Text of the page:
15 games that I'm really rather fond of
In no particular order...
In no particular order...
The first proper JRPG that I played. Made a huge impression on me at the time despite a sometimes muddled story, some pretty underdeveloped party members and common typos in the script. Despite its flaws it all worked beautifully and gave me an immersive and emotional experience that few games have given me since. And oh god, the music!
Even though Third Strike is the one I played the most and really practised at, this is the game that started it all for me. I still vividly remember being about 7 and watching my cousins take it in turns to complete arcade mode on the SNES.
I can't explain to you why this game is one of my favourites of all time. I just know that I was totally adsorbed into its world, characters and plot and loved the branching storylines that added greatly to replayability. The best of the series, in my opinion.
Just like with SF2 taking precedence over Third Strike, I really played RE2 and RE3 a lot more extensively than this one but none of them floored me as much as the first time I entered the world of survival horror.
I am torn between this and OoT. I find OoT more playable, more fun to explore in, but LttP has such a classic feel to it, even more than OoT, and it was the first time I played a game where there was a whole non-linear world (though you do of course have to do most events in a certain order) out there for you to explore. Up until that point it had been totally linear experiences like your standard platform game. I'm still not entirely sure why Link's ultimate tunic is pink, but that's just one of life's mysteries I guess. Also, along with FFVII, has some of my favourite videogame music of all time.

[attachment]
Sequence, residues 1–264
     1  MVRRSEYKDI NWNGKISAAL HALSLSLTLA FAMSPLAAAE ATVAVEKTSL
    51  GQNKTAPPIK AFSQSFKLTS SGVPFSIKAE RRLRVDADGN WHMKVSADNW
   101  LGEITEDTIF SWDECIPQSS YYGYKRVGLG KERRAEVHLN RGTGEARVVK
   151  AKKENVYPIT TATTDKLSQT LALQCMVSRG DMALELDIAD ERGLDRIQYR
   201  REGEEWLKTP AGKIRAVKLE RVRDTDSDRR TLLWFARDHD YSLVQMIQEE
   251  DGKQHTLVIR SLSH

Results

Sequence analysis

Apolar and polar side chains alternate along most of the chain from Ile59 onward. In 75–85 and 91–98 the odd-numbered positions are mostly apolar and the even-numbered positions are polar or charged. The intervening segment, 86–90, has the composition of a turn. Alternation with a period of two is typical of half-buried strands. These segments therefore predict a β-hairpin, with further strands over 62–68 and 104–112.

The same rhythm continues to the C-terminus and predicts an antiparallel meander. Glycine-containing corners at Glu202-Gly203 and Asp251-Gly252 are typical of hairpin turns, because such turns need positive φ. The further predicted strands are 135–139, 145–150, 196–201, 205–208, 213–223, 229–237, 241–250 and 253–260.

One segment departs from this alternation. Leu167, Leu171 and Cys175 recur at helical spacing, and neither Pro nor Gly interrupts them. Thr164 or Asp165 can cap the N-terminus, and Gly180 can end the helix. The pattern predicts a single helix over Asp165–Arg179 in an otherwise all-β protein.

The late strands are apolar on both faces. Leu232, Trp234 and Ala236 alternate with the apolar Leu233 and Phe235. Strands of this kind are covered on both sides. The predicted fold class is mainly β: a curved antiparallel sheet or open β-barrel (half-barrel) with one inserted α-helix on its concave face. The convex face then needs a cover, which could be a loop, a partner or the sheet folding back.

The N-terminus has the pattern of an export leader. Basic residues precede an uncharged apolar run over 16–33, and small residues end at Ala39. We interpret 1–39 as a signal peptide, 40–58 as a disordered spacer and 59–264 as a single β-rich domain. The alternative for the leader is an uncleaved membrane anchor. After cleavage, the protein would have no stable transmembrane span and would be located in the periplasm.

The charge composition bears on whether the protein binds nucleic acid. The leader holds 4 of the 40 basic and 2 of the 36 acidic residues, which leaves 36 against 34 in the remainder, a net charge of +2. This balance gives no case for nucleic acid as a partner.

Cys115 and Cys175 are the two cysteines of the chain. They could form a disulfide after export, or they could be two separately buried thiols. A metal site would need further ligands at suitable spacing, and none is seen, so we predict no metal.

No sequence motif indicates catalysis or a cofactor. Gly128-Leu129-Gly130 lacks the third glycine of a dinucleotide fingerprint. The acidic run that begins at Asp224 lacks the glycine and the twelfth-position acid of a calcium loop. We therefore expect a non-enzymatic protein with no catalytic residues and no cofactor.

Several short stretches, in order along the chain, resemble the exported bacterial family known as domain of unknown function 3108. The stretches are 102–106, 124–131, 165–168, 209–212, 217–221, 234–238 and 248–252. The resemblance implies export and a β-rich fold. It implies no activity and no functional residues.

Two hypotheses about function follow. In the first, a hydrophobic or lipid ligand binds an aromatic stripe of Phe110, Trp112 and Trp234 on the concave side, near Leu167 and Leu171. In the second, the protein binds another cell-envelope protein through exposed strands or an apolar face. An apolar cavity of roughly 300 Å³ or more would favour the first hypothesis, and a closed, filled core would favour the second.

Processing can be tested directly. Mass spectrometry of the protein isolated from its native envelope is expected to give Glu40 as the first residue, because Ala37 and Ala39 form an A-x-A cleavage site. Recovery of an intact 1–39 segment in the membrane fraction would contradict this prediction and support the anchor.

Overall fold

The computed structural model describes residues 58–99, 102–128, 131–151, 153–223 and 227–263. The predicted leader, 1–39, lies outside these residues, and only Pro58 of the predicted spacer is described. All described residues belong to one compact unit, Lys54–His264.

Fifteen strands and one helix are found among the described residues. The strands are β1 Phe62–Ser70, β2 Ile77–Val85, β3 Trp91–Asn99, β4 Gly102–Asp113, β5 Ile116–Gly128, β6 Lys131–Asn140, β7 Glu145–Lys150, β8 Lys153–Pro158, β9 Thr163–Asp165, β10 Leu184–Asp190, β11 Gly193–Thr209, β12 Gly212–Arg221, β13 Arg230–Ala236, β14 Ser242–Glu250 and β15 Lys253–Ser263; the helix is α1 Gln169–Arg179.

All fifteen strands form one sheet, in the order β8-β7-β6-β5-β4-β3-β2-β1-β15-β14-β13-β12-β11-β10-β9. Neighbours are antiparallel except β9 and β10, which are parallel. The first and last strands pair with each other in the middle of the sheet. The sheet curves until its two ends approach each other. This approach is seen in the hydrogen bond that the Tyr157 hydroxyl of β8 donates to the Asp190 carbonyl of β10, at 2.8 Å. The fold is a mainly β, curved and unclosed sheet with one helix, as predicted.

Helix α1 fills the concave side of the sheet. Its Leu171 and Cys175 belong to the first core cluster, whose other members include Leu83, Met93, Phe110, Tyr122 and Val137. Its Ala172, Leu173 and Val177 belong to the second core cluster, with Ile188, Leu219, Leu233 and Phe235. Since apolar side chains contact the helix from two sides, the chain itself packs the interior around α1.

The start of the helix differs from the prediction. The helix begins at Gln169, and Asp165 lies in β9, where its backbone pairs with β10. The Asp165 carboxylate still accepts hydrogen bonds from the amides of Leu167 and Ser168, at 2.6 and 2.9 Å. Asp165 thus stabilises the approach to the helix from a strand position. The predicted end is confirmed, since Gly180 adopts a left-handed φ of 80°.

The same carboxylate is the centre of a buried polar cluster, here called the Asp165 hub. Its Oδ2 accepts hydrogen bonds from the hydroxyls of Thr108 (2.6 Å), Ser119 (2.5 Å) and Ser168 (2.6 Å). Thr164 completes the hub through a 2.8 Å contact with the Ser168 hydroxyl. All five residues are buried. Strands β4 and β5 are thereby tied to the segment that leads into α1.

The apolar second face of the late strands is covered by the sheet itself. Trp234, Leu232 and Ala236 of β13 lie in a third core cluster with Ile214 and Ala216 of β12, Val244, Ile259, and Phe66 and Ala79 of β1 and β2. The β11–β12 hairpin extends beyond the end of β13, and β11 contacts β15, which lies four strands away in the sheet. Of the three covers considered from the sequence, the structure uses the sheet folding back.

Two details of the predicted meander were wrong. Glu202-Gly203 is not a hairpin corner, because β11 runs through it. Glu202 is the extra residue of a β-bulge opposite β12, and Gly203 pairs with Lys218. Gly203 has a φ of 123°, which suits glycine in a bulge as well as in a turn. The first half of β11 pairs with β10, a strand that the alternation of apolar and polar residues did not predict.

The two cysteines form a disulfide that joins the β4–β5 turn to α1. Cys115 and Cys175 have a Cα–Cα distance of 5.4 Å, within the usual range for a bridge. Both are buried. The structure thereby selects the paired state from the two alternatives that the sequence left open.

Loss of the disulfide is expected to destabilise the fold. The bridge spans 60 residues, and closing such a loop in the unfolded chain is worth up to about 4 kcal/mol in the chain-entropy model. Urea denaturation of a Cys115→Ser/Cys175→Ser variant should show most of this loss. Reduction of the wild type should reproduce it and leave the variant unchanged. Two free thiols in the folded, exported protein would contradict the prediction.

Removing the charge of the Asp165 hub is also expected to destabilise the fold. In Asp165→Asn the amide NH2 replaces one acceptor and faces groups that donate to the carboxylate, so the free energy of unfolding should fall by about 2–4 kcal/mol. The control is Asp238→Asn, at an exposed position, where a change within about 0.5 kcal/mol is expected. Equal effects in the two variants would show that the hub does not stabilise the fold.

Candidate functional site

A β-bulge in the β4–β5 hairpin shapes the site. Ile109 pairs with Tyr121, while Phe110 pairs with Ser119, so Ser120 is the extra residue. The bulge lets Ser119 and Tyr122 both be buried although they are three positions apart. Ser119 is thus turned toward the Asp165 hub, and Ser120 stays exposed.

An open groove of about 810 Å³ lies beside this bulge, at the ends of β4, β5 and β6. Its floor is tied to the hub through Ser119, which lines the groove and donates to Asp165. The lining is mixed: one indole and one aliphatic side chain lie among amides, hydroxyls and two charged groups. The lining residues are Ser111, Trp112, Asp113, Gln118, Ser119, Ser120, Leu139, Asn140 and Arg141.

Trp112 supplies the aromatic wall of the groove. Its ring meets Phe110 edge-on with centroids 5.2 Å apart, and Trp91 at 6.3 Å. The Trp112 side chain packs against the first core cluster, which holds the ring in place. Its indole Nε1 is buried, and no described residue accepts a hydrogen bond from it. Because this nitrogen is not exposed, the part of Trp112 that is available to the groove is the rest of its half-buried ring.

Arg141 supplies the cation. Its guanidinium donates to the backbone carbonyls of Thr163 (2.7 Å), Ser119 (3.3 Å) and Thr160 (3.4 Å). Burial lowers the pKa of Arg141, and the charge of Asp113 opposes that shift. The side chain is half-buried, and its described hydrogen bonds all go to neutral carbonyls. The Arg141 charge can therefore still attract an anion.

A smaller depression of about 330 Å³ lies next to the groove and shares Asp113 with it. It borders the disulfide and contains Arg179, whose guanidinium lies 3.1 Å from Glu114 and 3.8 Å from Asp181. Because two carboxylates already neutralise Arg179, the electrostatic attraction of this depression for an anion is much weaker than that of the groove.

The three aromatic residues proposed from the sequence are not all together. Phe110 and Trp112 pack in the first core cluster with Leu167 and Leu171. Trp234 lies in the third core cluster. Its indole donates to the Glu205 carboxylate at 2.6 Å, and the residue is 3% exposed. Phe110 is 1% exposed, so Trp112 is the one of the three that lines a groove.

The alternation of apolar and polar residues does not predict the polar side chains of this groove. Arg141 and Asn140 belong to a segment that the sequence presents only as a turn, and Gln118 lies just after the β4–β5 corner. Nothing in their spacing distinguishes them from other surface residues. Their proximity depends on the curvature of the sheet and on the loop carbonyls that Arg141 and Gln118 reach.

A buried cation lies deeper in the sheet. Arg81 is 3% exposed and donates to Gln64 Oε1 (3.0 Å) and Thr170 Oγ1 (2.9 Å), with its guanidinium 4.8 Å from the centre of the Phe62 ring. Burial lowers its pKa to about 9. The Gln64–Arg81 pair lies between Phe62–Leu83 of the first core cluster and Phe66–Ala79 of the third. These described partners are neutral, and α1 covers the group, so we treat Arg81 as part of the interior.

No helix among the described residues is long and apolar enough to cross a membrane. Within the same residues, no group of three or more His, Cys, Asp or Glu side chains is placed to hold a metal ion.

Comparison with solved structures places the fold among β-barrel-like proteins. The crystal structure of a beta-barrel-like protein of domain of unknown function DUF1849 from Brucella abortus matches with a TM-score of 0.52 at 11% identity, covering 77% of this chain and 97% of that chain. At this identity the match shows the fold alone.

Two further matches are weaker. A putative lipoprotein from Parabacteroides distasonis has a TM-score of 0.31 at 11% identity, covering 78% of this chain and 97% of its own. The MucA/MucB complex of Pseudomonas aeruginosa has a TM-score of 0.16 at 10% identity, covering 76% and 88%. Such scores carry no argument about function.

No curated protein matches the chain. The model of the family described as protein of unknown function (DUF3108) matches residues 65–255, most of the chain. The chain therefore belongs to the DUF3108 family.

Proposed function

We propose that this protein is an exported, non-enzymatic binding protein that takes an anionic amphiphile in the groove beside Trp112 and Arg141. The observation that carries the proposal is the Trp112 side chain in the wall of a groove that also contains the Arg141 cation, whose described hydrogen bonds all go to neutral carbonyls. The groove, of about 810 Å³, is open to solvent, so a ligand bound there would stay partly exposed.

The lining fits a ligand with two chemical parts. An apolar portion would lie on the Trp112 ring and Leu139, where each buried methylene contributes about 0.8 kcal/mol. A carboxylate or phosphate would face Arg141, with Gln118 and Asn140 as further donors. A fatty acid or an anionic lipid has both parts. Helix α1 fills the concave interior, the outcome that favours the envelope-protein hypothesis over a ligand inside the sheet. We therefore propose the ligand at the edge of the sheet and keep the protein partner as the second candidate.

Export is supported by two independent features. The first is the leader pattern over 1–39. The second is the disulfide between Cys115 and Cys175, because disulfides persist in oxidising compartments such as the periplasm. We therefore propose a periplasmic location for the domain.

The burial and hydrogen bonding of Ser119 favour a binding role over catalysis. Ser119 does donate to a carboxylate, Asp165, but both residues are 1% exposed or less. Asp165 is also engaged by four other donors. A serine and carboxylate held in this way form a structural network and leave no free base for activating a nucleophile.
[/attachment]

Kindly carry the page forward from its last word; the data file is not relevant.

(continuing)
I haven't really been a fan of Tekken since, but this game was just incredible at the time. The "dial-a-combo" nature of Tekken is something that seems kind of lame to me now, but at that time it was a thing of beauty. It's not just nostalgia though. I've played Tekken 2 recently and I still think it stands up compared to the recent iterations, feeling more pure and well-conceived.
The pinnacle of the series. As John Carmack said, the Sonic series is a great example of over-design bogging a game down and detracting from its fundamental game mechanics. I'm massively paraphrasing him there, I read his original comment years ago. To me, Sonic 1 is a little too simple and has a few flaws that muddy the experience, Sonic 3 was trying far too hard and pulling in all the wrong directions. Sonic 2 sits in the middle, at the pinnacle of the franchise.
This is a great blend of WRPG openness and player choice mixed with the tighter design and battle system of a JRPG. The storyline depends on what character you choose to play and you'll meet the other characters you could have been as your storylines overlap at places. This game is so subtle and so well-crafted it's hard to do it justice with words alone.
The first Dragon Quest I played (being the first released in Europe) and it just blew me away. I've been back and played all the DQs apart from VI but this one still has the greatest place in my heart. It's the only DQ game where Toriyama's character designs are rendered so beautifully - in other DQs you can usually only tell he designed them due to the character portraits (which the original versions didn't even have anyway). The music is majestic and the world is vast and inviting. The seamless overworld takes this to places that FFXII could only dream of.